Rose-Flavored, Tahini-Swirled Meringues

April 25, 2016

I like my chocolate desserts ultra bittersweet, my apple desserts tart, and my lemon bars positively puckery. But I’m wild about meringues.

You may be thinking that they are nothing more than a ton of sugar suspended in, um, nothing. But that ethereal dissolve-on-the-tongue thing is irresistible to me, and the seemingly infinite possibilities for adding flavor and texture and inclusions are even more enticing.

Meanwhile, meringue is easy to make and fun to play with. Meringues are also perfect for Passover, too (unless they're full of bacon...).

A few years ago, I started make meringues laced with peanut butter, almond butter, and even tahini. The nut and seed butters tempered the sugary sweetness of the meringues and added rich flavor and even more “melt” to that already-beguiling melt-in-your-mouth texture. I thought I’d taken meringues to a whole new place but I wasn’t even half done with the idea. Peanut Butter Pavlova was one stellar outcome of the experiment, and these new Sesame Rose Pistachio Meringues are right up there in a different way.

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You can skip to the recipe right now if you like: The meringues are delicious. They are also pretty and exotic and flourless and gluten-free and, if you eat sesame seeds, eminently suitable for Passover. Thank heavens for something new, right? (If you don't eat sesame seeds during Passover, replace the tahini with almond butter.)

They also pair well with strawberries. (If you crumble them, mix with strawberries, and add whipped cream, you’ll get a truly epic version of Eton Mess.)

Or you can stay here and ponder the technique for a minute. As any meringue maker knows, you simply cannot whip a fatty or oily substance into meringue without deflating it. It turns out, however, that you can fold nut and seed butters into stiff meringue quite successfully—if you do it briefly and incompletely, at the last moment. I often leave streaks and pockets of nut butter, which also makes the finished texture exciting.

I’ve varied the technique a bit this time by using the nuts to help disperse the tahini: The pistachios are first mixed with the tahini, then scattered over the surface of the meringue (I use a spatula to push little bits of sticky coated nuts onto the meringue). After that, it takes very few strokes to fold the nuts and tahini into the meringue without over folding and deflating the batter.

About the rose petals:

Don’t pass up the recipe if you don’t have or don’t want to procure the petals. Their main purpose here is to make the cookies pretty—most of the rose flavor comes from the rose water.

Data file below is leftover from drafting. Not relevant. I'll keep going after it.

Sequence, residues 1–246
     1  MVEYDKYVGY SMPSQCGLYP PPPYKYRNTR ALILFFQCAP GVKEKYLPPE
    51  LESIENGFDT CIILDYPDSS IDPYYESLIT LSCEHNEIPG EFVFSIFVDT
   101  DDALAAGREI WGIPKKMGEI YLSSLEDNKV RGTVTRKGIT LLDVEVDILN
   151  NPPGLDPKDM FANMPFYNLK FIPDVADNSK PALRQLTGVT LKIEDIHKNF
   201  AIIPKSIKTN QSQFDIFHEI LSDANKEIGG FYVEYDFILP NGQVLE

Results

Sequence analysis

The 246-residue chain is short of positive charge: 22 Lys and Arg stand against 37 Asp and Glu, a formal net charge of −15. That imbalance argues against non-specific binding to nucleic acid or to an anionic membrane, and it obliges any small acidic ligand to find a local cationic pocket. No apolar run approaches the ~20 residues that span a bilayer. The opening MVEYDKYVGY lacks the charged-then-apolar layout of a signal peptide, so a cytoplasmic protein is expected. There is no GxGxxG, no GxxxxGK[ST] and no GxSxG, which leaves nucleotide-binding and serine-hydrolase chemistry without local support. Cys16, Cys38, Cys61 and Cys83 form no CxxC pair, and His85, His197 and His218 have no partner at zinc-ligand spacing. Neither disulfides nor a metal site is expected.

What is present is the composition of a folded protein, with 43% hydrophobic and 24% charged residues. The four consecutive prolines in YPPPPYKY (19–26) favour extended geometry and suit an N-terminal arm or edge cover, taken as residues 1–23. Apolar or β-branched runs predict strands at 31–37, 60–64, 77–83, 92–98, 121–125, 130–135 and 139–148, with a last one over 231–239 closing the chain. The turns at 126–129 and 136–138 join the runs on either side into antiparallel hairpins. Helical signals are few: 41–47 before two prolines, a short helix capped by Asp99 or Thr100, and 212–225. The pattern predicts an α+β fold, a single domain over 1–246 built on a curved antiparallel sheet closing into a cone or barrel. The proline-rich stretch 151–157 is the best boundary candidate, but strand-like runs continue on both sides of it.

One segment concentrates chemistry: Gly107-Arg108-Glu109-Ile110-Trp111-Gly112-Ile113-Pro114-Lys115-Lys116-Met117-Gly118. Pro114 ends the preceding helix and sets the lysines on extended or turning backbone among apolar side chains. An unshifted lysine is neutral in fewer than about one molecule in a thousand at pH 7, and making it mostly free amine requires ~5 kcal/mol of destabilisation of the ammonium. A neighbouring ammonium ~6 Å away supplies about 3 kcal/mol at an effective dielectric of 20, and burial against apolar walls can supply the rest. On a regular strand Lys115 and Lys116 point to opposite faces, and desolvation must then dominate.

Here’s what you need know about rose water:

  1. First, the goal is always to use just enough to add a hint of flavor and fragrance—too much makes things taste and smell unpleasantly like soap or perfume instead of food.
  2. Second, you want rose flower water—not extract, not flavoring, and not oil or essential oil: The latter are different animals used in different quantities.
  3. Third, don’t even think of buying that little bottle of rose water in the liquor store/department that’s intended for making cocktails: It’s not good enough. Instead, go a specialty shop, Middle Eastern store, or online and get a 10-ounce bottle of Cortas rose water (eau de rose) from Lebanon. It’s surprisingly inexpensive, keeps well, and you’ll find plenty to do with it later (see a few ideas below)—including cocktail-making. I consider it (and orange flower water) a pantry staple.

Are you a meringue maniac? Or do you find them so-so? Tell us in the comments!

See what other Food52 readers are saying.

  • VeganWithaYoYo
  • Alice Medrich
    Alice Medrich
My career was sparked by a single bite of a chocolate truffle, made by my Paris landlady in 1972. I returned home to open this country’s first chocolate bakery and dessert shop, Cocolat, and I am often “blamed” for introducing chocolate truffles to America. Today I am the James Beard Foundation and IACP award-winning author of ten cookbooks, teach a chocolate dessert class on, and work with some of the world’s best chocolate companies. In 2018, I won the IACP Award for Best Food-Focused Column (this one!).


VeganWithaYoYo April 25, 2016
Any chance these could be done with aquafaba? I know some food52 writers are into the aquafaba thing, and these look amazing. Plus I'd love to use up the rose water in my pantry ;-)
Alice M. April 26, 2016
If dry crisp meringues can be made with Aquafaba, I see no reason why it should not work for this recipe. Go for it.